I had some help this Friday with my internal conflict between the river and still-water. The river was very good to me last weekend but one look at the flows Thursday night and it was obvious. Find the still-water action or stay at home and pick my nose. It was still-water in a land-slide.
I had to try lake A first which I currently love to hate. Love because it is a crystal clear lake with a shale bottom, scenic beauty and some very large carp. Hate because it is has become clear that it is only good between the last week in May and the first week in July. %$^&#$.
I have a whole different love/hate relationship with lake B. Once again the carp are large but that is where the similarity ends. Shallow feeding fish are available throughout the season but because it has a mud bottom and is fed with urban runoff the water varies unpredictably from off-color to chocolate milk to algae covered felch. You are almost always fishing to dust plumes and bubbles. If you are lucky you get a momentary glimpse of a tail or a shadow. The carp frequently seem to be grazing mindlessly through the muck and even if they are able to find your fly they often seem disinterested. This makes finding the zone, refining the presentation and detecting the take much more difficult than usual!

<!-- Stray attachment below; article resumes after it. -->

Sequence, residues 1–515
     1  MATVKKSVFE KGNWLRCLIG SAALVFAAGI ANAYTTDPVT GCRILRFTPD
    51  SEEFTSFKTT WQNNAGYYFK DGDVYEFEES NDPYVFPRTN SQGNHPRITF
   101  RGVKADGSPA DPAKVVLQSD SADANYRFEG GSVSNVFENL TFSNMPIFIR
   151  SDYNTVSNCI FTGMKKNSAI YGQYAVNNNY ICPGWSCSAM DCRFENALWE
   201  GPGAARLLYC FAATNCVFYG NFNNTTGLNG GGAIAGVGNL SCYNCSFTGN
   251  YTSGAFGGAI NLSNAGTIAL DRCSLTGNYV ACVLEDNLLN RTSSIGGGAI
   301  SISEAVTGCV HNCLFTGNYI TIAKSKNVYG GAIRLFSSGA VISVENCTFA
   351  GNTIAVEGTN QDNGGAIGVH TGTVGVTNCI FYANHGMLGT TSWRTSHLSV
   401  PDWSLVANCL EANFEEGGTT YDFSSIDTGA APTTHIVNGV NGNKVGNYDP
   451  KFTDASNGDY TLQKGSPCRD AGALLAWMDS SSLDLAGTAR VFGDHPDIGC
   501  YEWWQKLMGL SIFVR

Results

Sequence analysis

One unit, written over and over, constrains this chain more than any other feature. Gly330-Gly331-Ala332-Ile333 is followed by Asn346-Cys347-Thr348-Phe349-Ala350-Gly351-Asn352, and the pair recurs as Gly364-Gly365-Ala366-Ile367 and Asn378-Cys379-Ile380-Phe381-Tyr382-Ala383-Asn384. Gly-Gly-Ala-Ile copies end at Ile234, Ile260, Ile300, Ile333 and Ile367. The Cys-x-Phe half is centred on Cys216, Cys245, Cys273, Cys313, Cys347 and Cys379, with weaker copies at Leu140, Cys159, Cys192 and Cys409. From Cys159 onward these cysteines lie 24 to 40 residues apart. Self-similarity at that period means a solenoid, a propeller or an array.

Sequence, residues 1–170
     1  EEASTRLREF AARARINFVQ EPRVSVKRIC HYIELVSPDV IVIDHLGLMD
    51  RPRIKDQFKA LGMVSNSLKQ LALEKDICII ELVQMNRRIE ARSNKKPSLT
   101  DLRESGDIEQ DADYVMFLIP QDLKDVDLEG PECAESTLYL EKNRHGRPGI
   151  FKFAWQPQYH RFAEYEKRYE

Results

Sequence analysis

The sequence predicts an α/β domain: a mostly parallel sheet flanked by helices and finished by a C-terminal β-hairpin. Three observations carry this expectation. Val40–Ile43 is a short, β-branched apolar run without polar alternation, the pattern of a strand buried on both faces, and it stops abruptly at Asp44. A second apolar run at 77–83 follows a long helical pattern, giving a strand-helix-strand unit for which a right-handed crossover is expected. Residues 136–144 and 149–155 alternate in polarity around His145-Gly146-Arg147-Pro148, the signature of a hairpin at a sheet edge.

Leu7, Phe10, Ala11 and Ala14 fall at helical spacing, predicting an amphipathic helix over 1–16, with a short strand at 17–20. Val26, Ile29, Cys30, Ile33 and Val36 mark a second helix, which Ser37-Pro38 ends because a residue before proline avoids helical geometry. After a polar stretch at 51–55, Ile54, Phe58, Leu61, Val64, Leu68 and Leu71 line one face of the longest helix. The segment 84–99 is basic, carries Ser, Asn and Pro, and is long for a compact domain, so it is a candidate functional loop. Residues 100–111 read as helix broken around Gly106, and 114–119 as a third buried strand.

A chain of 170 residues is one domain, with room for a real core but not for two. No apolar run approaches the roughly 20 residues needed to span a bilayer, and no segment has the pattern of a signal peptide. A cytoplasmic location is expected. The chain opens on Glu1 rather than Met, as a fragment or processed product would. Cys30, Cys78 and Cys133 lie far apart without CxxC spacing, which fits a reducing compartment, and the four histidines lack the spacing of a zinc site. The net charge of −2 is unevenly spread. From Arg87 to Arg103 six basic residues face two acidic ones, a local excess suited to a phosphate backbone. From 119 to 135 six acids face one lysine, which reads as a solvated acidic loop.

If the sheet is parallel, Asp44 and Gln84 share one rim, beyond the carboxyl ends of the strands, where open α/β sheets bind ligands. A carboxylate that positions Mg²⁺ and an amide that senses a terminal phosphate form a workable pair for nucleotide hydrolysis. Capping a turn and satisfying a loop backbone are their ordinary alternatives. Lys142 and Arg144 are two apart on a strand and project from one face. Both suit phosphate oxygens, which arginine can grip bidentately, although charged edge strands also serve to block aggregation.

I have put fair bit of time on lake B and so far it has been a struggle. Relative to past experience Friday was a huge success with two very nice carp landed and a large Koi hooked briefly. The first (nicely sized at 12lb, 28") was landed on a size 8 black / olive Backstabber on the first small strip after dropping the fly by it's head.
The second (a hefty 15 1/2lb, 29") took a size 6 olive Primordial Carp-Stew on small slow 2" strips cast in the general area of a dust plume with a shadow in the middle.
In both cases park-walkers rushed to see what was putting such a bend in my rod and were kind enough to take pictures.
I wish I could provide some profound insights into how to fish the front range mud-pits (AKA reservoirs). If I had them to give I would, but Friday was strictly a matter of perseverance. Darker flies (olive and black) presented very slowly and patiently seem to be beneficial but there is so much more to learn!